Bus fare Babies
Birthworks has special ties to a village in the Peddie district of the Eastern Cape, called Bodium, a village near Hamburg. For many years Karen has wanted to build a rural birth centre in the Eastern Cape that will enable women in the area to give birth to their babies in a safe and comfortable environment near their own villages. The first stage of the birth centre has now begun A.small dwelling in the village of Hamburg has been renovated and to serve as the first birth cottage. Land is still in the process of being purchased for the main site of the birth centre but in the interim, this dwelling will serve for antenatal checkups and for births. The cottage has 2 bedrooms and a small check up room. A bathroom and kitchen / lounge area.
Women from the area can come to the birth centre during their pregnancies for routine check-ups and tests. Women are screened in terms of risk and only low risk women are able to give birth at the birth centre, high risk pregnancies are referred to the appropriate hospital.
In labour, the woman may be collected from her home by a vehicle from the birth centre, or will make her own way to the birth centre where she will stay in one of the birth cottages for her labour and birth and for several days following the birth, until she is feeding her baby well and has recovered and able to cope with her newborn baby at home
Each laboring woman will bring with her 1 or 2 relatives of her choice to support her during her labour, and they may stay with her for the duration of her stay at the birth centre, to look after her, prepare meals for her and help her with the baby.
Initially I am the only attending midwife, and as the need for more midwives grows, more will be employed, preferably from the local community or surrounding areas. Nomvula assists at the birth house. She and I assist during the labour and birth and Nomvula stays with the woman and her baby at the birth house for the duration of her stay
In the event of a complication, the labouring woman or newborn baby are transferred to the appropriate hospital for treatment.
4 Birth Cottages: simple 2 bed roomed cottages, with a bathroom and separate toilet, kitchen and lounge area. Each house would be equipped with all the medical equipment needed for the birthing process: oxygen, suction machine etc
The cottages will be situated a small distance apart from each other, to allow the laboring woman privacy and a home-like environment to give birth in.
To build one birthing cottage. Initially this cottage will serve for antenatal check ups. The cottage will require water and sanitation facilities as well as electricity. There is electricity and piped water along the road through the village of Bodium and the plot is in close proximity to this road.
1 Check-up cottage: Simple 2 bedroomed cottage with bathroom and large lounge area for women to wait in. This could also be used for pregnancy education classes.
Administrative Centre: Office for administration. The building will consist of 2 offices, a lounge area, a toilet and small kitchen.
Vehicle: a vehicle would be part of the birth centre, and would require 2 drivers, from the community who would be on call to collect women in labour as well as to transfer to hospital in the case of an emergency. This would need to be a 4-wheel drive vehicle.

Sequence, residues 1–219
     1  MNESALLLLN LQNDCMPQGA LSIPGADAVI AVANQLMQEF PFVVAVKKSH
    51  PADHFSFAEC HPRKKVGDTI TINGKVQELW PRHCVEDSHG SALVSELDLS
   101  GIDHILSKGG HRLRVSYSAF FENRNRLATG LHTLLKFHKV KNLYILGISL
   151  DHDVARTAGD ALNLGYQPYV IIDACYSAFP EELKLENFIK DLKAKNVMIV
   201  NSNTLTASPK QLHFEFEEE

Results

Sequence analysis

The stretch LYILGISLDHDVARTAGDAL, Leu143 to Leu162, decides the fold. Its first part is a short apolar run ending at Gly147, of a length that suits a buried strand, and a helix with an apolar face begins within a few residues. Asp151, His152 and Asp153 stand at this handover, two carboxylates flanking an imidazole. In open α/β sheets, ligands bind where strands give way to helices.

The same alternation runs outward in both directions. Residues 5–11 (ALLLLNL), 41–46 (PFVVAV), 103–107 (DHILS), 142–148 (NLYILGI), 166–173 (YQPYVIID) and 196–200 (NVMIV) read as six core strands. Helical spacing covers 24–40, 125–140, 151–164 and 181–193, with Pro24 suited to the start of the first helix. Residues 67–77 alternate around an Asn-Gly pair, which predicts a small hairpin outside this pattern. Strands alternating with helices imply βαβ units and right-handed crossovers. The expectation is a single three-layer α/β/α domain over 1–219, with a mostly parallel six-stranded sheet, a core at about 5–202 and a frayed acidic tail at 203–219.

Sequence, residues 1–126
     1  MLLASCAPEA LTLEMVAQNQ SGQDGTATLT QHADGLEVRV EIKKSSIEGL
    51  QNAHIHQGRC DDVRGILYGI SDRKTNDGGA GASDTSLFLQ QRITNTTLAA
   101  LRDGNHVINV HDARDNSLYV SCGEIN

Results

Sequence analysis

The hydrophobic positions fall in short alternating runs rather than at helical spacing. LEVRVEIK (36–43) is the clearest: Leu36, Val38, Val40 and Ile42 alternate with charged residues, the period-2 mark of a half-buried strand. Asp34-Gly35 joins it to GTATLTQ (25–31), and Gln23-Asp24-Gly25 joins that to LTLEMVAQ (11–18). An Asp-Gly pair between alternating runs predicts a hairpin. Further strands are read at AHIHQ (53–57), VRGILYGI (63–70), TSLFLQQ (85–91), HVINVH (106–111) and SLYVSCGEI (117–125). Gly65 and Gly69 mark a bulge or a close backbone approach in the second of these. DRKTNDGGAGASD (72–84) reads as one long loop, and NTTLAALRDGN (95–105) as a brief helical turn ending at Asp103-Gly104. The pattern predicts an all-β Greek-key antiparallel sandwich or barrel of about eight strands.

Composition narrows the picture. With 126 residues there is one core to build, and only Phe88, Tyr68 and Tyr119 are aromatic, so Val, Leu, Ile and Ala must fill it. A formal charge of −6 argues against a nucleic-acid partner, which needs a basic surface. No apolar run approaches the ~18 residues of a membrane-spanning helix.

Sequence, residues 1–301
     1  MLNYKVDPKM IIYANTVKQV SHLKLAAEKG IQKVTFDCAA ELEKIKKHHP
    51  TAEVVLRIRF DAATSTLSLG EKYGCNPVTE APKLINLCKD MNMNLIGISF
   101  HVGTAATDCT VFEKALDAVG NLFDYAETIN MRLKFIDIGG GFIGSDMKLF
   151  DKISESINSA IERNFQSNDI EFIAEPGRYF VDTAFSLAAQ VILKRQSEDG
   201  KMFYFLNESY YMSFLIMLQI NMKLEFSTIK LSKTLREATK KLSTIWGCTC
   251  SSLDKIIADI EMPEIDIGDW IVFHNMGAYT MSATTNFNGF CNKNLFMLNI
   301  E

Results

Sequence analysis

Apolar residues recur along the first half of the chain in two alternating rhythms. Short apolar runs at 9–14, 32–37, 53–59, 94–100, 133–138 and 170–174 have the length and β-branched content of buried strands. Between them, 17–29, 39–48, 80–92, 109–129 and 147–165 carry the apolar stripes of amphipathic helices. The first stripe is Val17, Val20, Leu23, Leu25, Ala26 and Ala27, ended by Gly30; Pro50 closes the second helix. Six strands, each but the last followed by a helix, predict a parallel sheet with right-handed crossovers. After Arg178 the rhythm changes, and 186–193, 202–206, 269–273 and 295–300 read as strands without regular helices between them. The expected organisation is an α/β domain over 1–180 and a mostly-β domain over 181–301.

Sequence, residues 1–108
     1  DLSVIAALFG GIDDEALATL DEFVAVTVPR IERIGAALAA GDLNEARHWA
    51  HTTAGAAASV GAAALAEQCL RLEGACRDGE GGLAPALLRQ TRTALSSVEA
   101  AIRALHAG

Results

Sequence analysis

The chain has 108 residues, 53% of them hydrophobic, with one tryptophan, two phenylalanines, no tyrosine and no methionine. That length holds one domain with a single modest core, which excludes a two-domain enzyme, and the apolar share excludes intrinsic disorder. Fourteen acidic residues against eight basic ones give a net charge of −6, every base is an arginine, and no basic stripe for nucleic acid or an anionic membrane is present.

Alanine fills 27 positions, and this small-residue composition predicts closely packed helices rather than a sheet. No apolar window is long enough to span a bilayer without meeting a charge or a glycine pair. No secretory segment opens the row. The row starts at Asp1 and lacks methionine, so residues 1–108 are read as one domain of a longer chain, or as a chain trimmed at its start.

Bus Fare Babies Aims:
- To enable women to have healthy pregnancies by encouraging good diets, by careful monitoring of pregnancies and by early detection and treatment of pregnancy complications.
- To lower the levels of maternal mortality and child mortality in the first year.
- To provide good, quality care in a comfortable environment to the women of Hamburg, Bodium and Bell during their pregnancies, during the labour and birth and in the week following the birth.
- To reduce the incidence of HIV infection in the area by prevention through education, through PMTCT and by promoting safe infant feeding.
- To facilitate the screening process for HIV and to provide anti-retroviral therapy to women in labour to prevent mother to child transmission (we have linked with the Umtha Welanga Health Care Centre). To inform women about and to encourage safe infant feeding.
- To look after women during this special time as they give birth to their babies, to make it a pleasant experience so that they can go into motherhood feeling strong, cared for and empowered after their births.
- To set up an efficient referral network between the Birth Centre and the relevant hospitals for high-risk pregnancies and complications in labour and postnatally.
- To help the government to reach millennium goals 4 (reduce child mortality), 5 (improve maternal health)and 6 (combat HIV/AIDS, malaria and other diseases)
- 2 Drivers
- Cleaning Staff
- Administration Staff
I am Karen Clark, my Xhosa name is Nomzamo, I am 42 years old. My family comes from Cathcart, Eastern Cape, but I was born in Durban and grew up in Pietermaritzburg, Kwa Zulu Natal. I studied Nursing and Midwifery at Carinus Nursing College in Cape Town and qualified as a Nurse and Midwife in 1994, I worked in the U.K for 4 years as a nurse, worked in Khayelitsha at Michael Mapangwana MOU as a midwife and studied a further 18 months to obtain a diploma in Advanced Midwifery through Napier University in Edinburgh, Scotland. I then worked a further 2 years in London hospitals as a midwife. I have been working as an independent midwife for 8 years.